17 linear, CSA and angular measurements of the mandible were obtained. These include traditional measurements and non-standard ones that are feasible due to the use of CT scans35 (Table 3; Fig. 3). All measurements were taken directly from CT scans using the Brilliance Workspace Portal (Philips v. All linear measurements were controlled for mandibular size using the MGM (square roots of the CSA measurements of the mandible were divided by the MGM) following the principles presented in Jungers et al.36. This accounts for the effects of general size when assessing how the resulting indices covary with muscle CSAs, also scaled for MGM.

Table 3 Linear, angular and cross-sectional area (CSA) measurements of the mandible.
Figure 3
figure 3

Linear, angular and cross-sectional area measurements of the mandible, see Table 3 for definitions.

Statistical analysis

Statistical analyses of landmarks, indices and angular measurements were carried out using PAST (v. 3.15) or SPSS (v.22.0). The threshold of significance was taken as p = 0.05 in this study.

Landmark based analyses

Reliability: Intra- and inter-observer variation in the shape of mandibular landmark configurations was assessed using five randomly selected mandibles. To assess intraobserver variation, one researcher (AP) placed the landmarks and curve semilandmarks twice on each mandible with a week-long interval between landmarking sessions. To assess inter-observer variation, the set of landmarks was placed by an additional independent researcher (GA). To examine variations in shape, Principal components analysis (PCA) was carried out following a General Procrustes Analysis (GPA) of the landmark data, which eliminates differences in orientation, location, and size37. The significances of Procrustes distances within and between repeated measurements of specimens and by researchers were assessed via permutation tests (1000 random permutations)38.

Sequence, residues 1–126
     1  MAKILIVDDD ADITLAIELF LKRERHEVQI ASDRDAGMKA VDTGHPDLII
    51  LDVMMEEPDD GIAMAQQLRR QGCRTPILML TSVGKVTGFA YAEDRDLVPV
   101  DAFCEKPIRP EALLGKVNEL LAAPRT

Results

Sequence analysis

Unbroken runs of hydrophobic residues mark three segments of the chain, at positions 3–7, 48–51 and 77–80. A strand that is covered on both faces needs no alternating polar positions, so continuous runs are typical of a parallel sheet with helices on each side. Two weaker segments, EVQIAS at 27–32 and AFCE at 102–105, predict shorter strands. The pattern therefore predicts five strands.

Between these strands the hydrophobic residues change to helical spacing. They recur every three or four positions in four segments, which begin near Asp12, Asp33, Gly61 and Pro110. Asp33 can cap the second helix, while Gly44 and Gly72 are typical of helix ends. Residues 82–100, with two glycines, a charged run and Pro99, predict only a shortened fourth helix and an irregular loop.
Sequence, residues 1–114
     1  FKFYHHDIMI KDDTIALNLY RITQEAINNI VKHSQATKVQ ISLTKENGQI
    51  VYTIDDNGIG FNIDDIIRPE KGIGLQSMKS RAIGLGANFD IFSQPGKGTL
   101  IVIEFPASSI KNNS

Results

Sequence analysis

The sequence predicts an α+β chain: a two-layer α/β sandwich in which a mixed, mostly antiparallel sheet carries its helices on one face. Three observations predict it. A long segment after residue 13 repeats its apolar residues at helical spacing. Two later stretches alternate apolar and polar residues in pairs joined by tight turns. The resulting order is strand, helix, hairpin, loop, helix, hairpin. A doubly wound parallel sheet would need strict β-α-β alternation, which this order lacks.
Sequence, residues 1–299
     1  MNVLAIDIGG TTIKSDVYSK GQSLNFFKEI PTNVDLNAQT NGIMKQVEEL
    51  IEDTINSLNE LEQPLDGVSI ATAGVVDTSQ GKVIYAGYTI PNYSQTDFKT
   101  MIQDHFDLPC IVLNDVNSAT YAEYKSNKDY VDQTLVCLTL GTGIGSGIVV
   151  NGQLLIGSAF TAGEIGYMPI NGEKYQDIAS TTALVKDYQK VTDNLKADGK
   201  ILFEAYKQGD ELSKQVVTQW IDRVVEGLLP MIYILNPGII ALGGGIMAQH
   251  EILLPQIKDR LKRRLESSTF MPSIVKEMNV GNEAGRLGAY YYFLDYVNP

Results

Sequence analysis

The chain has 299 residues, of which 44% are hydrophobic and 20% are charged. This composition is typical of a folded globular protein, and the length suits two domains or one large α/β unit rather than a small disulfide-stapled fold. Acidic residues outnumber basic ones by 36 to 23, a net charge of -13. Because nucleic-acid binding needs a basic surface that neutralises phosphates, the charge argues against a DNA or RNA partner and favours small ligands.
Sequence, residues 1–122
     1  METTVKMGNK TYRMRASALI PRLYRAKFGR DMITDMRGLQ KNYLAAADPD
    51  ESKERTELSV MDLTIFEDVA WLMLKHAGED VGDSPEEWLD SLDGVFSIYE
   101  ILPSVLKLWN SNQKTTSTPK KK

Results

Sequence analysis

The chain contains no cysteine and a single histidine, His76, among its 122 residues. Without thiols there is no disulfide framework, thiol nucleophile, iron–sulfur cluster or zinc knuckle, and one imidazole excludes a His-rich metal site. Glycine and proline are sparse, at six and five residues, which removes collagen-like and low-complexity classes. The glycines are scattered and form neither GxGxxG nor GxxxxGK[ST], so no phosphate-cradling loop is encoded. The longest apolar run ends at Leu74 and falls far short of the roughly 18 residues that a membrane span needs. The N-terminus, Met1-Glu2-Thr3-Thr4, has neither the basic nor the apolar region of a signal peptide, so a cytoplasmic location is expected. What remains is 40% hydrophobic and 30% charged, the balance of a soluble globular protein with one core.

Mandibular shape and muscle CSAs

For the 3D shape analysis, Cartesian coordinates were converted into shape variables through GPA. PCA was carried out to examine shape variation in the general population. Since mandibular size affects shape variation19,20,21 we controlled for allometry. Shape variables were regressed and standardized on centroid size (allometrically adjusted). A linear regression of log square roots of muscle CSAs on log centroid size (i.e., the independent variable) was used to allometrically adjust muscle CSAs.

Two-block Partial least squares (2B-PLS) analysis was carried out, separately for males and females, on allometrically adjusted muscle CSAs as one block and the adjusted shape variables as the second block, to examine the association between shape and muscle CSAs when allometry is accounted for. Visualization of shape changes along the PLS vector was carried out by warping the mean surface mesh using a triplet of thin plate splines (TPS) in the EVAN Toolbox (v. 1.71)39.

Analysis of linear measurements


Anthropometric measurement reliability was assessed using 15 randomly selected mandibles. To assess intraobserver variation in the linear and angular dimensions, a single researcher (TST) carried out the measurements twice with a two-week interval between each attempt. To assess interobserver error, measurements were taken by an additional independent researcher (HM or VS). Intraclass correlation coefficient (ICC) analysis was carried out to examine the reproducibility of the measurements and was interpreted according to the categorization method of Cicchetti40.